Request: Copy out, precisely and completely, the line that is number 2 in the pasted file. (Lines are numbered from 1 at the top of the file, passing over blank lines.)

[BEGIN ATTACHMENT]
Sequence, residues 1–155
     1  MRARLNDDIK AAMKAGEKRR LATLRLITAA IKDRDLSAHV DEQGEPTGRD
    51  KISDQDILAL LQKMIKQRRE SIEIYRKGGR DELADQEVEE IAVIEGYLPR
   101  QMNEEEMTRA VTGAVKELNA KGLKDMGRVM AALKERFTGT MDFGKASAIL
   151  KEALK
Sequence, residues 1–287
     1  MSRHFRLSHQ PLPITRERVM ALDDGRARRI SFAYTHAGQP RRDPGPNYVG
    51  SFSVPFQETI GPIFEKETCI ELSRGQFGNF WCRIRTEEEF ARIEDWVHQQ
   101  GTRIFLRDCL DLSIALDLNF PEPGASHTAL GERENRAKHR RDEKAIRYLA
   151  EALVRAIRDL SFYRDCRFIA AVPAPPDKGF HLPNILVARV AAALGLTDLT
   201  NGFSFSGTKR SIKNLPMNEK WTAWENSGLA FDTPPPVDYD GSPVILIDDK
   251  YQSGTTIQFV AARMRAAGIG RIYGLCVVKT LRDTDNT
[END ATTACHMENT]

     1  MRARLNDDIK AAMKAGEKRR LATLRLITAA IKDRDLSAHV DEQGEPTGRD